BEER: A job-creating engine in the nation’s economy

As Americans gather this Labor Day in backyards, at lake cabins and in ballparks, they’ll only need to look as far as the beer in their hand to pay homage to our nation’s workforce.

The U.S. brewing and beer importing industry puts more than two million Americans to work. A recently analysis completed by the Beer Institute found that every one job inside a brewery supports another 45 jobs outside the brewery – among industries such as farming, can- and bottle-manufacturing, warehousing, shipping, distribution and retail.

It isn’t difficult to see how brewing creates demand for jobs outside the brewery. Agriculture – just one industry of the many that are involved in brewing – is a great example.

Every year, brewers and beer importers buy billions of pounds of barley malt from farmers in more than a dozen states. Those same brewers and beer importers buy 1.5 billion pounds of rice, corn and other grains used to brew beer, and another 119 million pounds of hops. It takes nearly 56,000 people to cultivate and harvest these brewing staples.

These jobs add up to a significant benefit to the economy. All told, Americans whose work is either directly or indirectly connected to brewing are paid more than $79 billion annually in wages and benefits, according to our Beer Serves America study. The economic contribution of beer to the nation’s economy is estimated at more than $246 billion – a figure that demonstrates the remarkable ripple effect the beer industry on other sectors of the economy.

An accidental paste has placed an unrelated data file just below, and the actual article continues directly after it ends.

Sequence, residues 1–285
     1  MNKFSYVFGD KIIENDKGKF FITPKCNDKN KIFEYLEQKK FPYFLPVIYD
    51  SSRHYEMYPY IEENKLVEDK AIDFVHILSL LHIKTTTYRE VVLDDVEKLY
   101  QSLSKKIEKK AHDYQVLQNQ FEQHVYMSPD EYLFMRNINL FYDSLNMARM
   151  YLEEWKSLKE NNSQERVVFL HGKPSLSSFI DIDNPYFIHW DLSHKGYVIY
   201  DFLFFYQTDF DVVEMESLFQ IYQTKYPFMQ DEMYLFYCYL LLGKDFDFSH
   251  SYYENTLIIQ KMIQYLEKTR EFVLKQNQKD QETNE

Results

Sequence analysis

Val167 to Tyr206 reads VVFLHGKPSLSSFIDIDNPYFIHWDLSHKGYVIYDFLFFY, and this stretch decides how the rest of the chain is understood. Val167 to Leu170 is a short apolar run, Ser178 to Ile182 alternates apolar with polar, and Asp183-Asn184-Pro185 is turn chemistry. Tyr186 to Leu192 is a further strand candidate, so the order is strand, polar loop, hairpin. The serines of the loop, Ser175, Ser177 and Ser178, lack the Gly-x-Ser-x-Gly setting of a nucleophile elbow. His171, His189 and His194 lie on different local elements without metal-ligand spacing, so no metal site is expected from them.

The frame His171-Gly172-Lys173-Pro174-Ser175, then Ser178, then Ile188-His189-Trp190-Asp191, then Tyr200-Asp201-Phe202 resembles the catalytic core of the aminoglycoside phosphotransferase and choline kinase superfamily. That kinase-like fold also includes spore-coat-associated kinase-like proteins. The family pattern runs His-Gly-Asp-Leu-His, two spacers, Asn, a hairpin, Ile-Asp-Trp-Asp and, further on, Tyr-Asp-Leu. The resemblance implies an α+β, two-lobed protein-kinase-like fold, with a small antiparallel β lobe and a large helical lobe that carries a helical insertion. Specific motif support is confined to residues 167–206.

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Part of the reason why beer makes that significant of an impact is simply because of its popularity. Beer is welcome at more occasions, because its low alcohol content makes it a sensible choice. A recent Gallup poll found that 41 percent of U.S. drinkers reported that they typically drink beer (31 percent named wine and 23 percent named hard liquor).

This should be no surprise. Beer is an affordable luxury for many everyday Americans at a time when unemployment and household incomes have failed to rebound after the recession. The New York Times reported last week that the typical American family household income declined by 3.1 percent over the last five years – a drag not just on my industry, but on every industry that wants to see a more robust economy helping the incomes of everyday working Americans.

While Labor Day is a day for all American workers, today’s brewers and beer importers capture the spirit of this holiday as well as any. From farmers to factory hands, from brewery workers to bartenders, the beer industry symbolizes the diversity of the American workforce and just how much one sector depends on another.

As you walk into this holiday weekend, I ask of you two things. First, drink responsibly. Second, when you reach into a cooler or across a bar for a beer, join me in toasting the two million Americans that are at work today because of beer.

Jim McGreevy is President and CEO of the Beer Institute, the trade association that represents America’s brewers, beer importers and supplying industries. Find out more at www.beerinstitute.org.

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